14 An erring youth needs to restore his relationship with Jehovah. The first step he must take is to “repent . . . and turn around.” (Acts 3:19; Isaiah 55:6, 7) In helping the youth in their home to repent, parents must ‘keep themselves restrained under evil, instructing with mildness’ the child who is not favorably disposed. (2 Timothy 2:24-26) They need to “reprove” him in the Biblical sense. The Greek word rendered “reprove” can also be translated “give convincing evidence.” (Revelation 3:19; John 16:8) To reprove, therefore, involves showing enough evidence to convince the child of the sinfulness of his course. Admittedly, doing so is not easy. Where possible, the parents can appeal to his heart, using all means Scripturally appropriate to convince him. They should try to help him to appreciate the need to “hate what is bad, and love what is good.” (Amos 5:15) He may come back to his “proper senses out from the snare of the Devil.”

    15. What part does prayer play in restoring an erring one’s relationship with Jehovah?

    15 In restoring one’s relationship with Jehovah, prayer is a must. Of course, no one should “make request” concerning blatant sin that is clearly being practiced unrepentantly by any individual once associated with the Christian congregation. (1 John 5:16, 17; Jeremiah 7:16-20; Hebrews 10:26, 27) Yet, parents can ask Jehovah to give them wisdom to deal with the situation. (James 1:5) If a disfellowshipped youth gives evidence of repentance but does not have “freeness of speech toward God,” the parents might pray that if God finds a basis for pardoning the child’s error, that His will be done. (1 John 3:21) Hearing these prayers should help the youth to see Jehovah as a merciful God.*Exodus 34:6, 7; James 5:16.

    16. How can we help family members of minors who have been disfellowshipped?

    16 If a baptized youth is disfellowshipped, the congregation members are expected “to quit mixing in company with” him. (1 Corinthians 5:11; 2 John 10, 11) This may eventually help him to ‘come to his senses’ and return to God’s protective fold. (Luke 15:17) Whether he comes back or not, however, members of the congregation can encourage the family of the disfellowshipped youth. We can all look for opportunities to show “fellow feeling” and to be “tenderly compassionate” toward them.—1 Peter 3:8, 9.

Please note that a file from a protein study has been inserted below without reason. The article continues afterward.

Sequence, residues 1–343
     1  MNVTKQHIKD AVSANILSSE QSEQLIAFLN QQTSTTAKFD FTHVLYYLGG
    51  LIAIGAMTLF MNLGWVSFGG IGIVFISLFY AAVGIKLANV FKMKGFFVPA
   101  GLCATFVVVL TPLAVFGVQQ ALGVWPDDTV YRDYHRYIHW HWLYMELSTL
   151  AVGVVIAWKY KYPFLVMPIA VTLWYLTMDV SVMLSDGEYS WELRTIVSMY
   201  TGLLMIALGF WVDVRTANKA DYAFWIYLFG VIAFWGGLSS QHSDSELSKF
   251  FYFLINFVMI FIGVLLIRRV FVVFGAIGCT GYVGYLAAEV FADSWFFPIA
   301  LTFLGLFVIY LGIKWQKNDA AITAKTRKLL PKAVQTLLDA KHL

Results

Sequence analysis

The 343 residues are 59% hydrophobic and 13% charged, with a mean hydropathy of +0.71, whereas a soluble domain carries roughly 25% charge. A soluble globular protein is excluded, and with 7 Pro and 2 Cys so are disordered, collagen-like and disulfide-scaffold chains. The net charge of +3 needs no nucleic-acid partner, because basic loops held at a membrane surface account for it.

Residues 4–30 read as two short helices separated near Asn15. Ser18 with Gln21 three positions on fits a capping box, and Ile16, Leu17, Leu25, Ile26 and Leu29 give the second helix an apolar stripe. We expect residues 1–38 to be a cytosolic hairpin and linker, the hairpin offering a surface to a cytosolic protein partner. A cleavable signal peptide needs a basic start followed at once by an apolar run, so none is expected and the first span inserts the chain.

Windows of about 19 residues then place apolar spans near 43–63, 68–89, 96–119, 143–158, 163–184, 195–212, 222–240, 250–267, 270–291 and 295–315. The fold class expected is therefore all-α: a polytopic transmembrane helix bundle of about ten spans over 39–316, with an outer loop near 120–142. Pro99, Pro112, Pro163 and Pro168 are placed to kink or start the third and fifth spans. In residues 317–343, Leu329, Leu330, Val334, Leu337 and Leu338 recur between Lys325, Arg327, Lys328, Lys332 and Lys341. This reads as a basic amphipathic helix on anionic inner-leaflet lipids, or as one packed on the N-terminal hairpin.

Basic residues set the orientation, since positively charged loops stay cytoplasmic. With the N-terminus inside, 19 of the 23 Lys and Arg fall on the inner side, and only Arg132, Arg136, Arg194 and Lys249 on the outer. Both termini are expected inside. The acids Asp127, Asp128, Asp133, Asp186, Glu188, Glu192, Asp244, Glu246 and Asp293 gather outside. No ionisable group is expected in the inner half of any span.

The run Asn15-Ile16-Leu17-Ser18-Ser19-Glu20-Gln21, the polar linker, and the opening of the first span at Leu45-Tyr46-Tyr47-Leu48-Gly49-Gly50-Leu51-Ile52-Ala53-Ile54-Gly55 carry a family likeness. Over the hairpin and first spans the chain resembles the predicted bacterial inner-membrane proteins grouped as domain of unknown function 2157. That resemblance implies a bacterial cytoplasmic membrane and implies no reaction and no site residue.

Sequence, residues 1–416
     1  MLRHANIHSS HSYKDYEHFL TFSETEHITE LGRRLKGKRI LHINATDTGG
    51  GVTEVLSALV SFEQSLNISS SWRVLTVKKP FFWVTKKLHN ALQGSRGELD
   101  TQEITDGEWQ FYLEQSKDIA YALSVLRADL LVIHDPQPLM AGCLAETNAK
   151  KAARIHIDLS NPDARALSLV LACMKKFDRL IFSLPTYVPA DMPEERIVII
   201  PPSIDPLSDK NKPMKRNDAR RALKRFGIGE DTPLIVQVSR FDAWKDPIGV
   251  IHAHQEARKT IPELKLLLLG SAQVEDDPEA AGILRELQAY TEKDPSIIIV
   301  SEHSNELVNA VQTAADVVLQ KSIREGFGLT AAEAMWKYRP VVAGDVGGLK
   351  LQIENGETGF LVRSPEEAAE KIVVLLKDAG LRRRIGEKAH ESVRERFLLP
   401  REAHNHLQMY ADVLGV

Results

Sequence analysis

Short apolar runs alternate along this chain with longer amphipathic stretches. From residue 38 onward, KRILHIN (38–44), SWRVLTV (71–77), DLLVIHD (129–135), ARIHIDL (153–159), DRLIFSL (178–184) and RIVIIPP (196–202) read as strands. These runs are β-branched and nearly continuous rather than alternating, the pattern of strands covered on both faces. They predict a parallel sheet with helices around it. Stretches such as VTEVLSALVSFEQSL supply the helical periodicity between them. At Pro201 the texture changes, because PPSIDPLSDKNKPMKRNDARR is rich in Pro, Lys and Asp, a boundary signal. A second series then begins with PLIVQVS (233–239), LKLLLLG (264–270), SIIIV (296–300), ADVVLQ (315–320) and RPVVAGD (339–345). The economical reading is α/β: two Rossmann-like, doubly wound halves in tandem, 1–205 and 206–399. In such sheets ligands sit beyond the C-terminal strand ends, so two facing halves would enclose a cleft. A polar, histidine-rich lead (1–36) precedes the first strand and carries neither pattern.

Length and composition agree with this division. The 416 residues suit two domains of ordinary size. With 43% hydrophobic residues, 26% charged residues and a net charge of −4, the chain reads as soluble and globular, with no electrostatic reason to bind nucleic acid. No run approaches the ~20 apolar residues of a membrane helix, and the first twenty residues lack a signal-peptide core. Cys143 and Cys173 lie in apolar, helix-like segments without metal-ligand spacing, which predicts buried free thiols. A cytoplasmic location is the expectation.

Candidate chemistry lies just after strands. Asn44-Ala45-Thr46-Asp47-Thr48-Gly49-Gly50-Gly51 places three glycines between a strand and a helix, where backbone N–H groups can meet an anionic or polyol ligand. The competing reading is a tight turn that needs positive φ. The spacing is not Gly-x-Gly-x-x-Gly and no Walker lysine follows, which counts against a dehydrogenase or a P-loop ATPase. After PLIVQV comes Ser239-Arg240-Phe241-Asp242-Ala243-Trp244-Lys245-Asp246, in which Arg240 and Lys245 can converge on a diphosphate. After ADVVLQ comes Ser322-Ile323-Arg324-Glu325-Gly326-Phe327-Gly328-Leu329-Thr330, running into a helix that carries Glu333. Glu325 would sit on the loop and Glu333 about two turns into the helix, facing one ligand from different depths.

• konceptual99

    I don't think there is anything to made of the WT statement beyond the obvious. It's the same old admonition to keep away from DFed ones and apostates.

    There is no contradiction with the situation in a family, it's just a broad statement. They don't need to qualify it with a "except when the DFed person is in the family home" statement. 99% of Witnesses will take it in the context it's meant. Any Witness that is shunning family members in their own home is already not following the WTS directions (which is clear as per Blondie's post) so any qualification means nothing.

    There's no need to twist the statement into a perceived contradiction either intentionally or unintentionally. There's enough ammo in the whole shunning arrangement to shock most sensible people as it is.

  • scratchme1010

    Current 2018 outlines ca with br says do not communicate with apostates or Df ones

    Seems like they just keep going back and forth with that crap. How about ex-JWs set real, healthy boundaries and stop letting the WT dictates whether they can talk to their loved ones or not.